DETROIT (AP) — The state of Michigan has agreed to destroy more than 3 million dried blood spots collected from babies and stored in a partial settlement of an ongoing lawsuit over consent and privacy in the digital age.
Hospitals routinely stab newborns in their heels for blood tests, as directed by the state More than 50 rare diseases. This approach, namely Widespread in the U.S., unchallenged. Instead, the controversy lies in the remaining samples.
One blood spot from each child was stored in Lansing, and the other five were sent to the Michigan Newborn Biobank in Detroit for safekeeping in climate-controlled conditions.
Scientists can pay to use the samples stored in Detroit for various research projects. Studies of neonatal blood spots have also occurred in other states, notably California, New York and Minnesota, where they can be preserved for decades.
Texas agreed in 2009 to destroy millions of attractions to settle a privacy lawsuit.
Michigan since 2010 must be licensed Use spots from parents for research. But attorney Philip Ellison argues that the program still violates constitutional protections against search and seizure and that parents who receive the forms in the fog of childbirth may not fully understand.
Ellison claims the consent form and related manuals are vague, for example, making no mention of the state charging scientists for blood spots used by scientists.
“If mom and dad say, ‘Use them. I don’t care’ – that’s their business,” he told The Associated Press. “But the state doesn’t give them enough information to make an informed decision. …Most people don’t remember signing anything. My wife had a C-section. 12 hours later, she’s still groggy because of the labor All the drugs infused into her.”
Ashley Kanuszewski admitted she signed a form allowing blood spots from both babies to be added to the research bank, but did not recall receiving an information leaflet at the hospital.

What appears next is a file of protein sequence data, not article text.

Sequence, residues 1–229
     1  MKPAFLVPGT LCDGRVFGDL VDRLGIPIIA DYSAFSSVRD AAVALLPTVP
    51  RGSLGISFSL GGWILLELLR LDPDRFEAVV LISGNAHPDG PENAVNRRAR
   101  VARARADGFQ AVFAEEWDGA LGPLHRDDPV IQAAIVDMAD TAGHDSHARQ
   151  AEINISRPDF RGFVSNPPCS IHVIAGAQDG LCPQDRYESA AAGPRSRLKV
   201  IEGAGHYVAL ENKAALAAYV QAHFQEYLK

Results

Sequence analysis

“I don’t like not knowing where or what they’re using it for,” said Kanuszewski, one of four parents sued in 2018.
In May, after four years of litigation, the health department said it would destroy certain blood spots stored in Lansing over the next 18 months and stop adding to that stockpile, according to an agreement filed in federal court in Bay City.
The number of attractions is 3.4 million, spokeswoman Lynn Satfin said.
Sutfin declined to explain why the state agreed to get rid of them, citing ongoing litigation. But in 2021, U.S. District Judge Thomas Ludington said the state did not have special permission from parents to keep a remaining blood spot in Lansing.
The state describes them as a place parents can use in case of future health problems.
The agreement to destroy the sites did not end the case. Still at work: Detroit’s Wayne State University has millions of people under the state’s control available for research, including many before the health department began seeking parental consent in May 2010.
In the coming months, Ludington will conduct a trial to determine how many blood spots are really needed for newborn screening for disease, including issues such as calibrating key testing equipment.
The health department is defending the way it runs the program.It emphasizes that no spots are stored for research unless Parent or guardian gives permission. Spots can also be destroyed on request, although very few people take this step each year.
The state said the bloodspots stored in Detroit had a code — not someone’s name — attached to them, making the privacy risk “very low” during the study.
Sandip Shah, director of the state’s public health laboratory, said in an interview: “We only allow activities related to public health for the benefit of all, the public good, better testing in the future, discovery More and more.” with the lawyer.
department release list Approved Research. For example, the state last year approved the use of 3,600 newborn blood spots by scientists to determine exposure to a so-called permanent chemical known as PFAS in western Michigan. Other projects involve for-profit companies.
“How this court addresses the issues raised by plaintiffs could dramatically impact the biomedical research environment, potentially hindering scientific progress that is critical to protecting public health,” said the Association of Public Health Laboratories.
In 2009, Texas agreed to destroy millions of newborn blood spots that were kept without consent.Attractions acquired since 2012 are now Destroyed after two years Unless Texas parents agree to store them longer for research.
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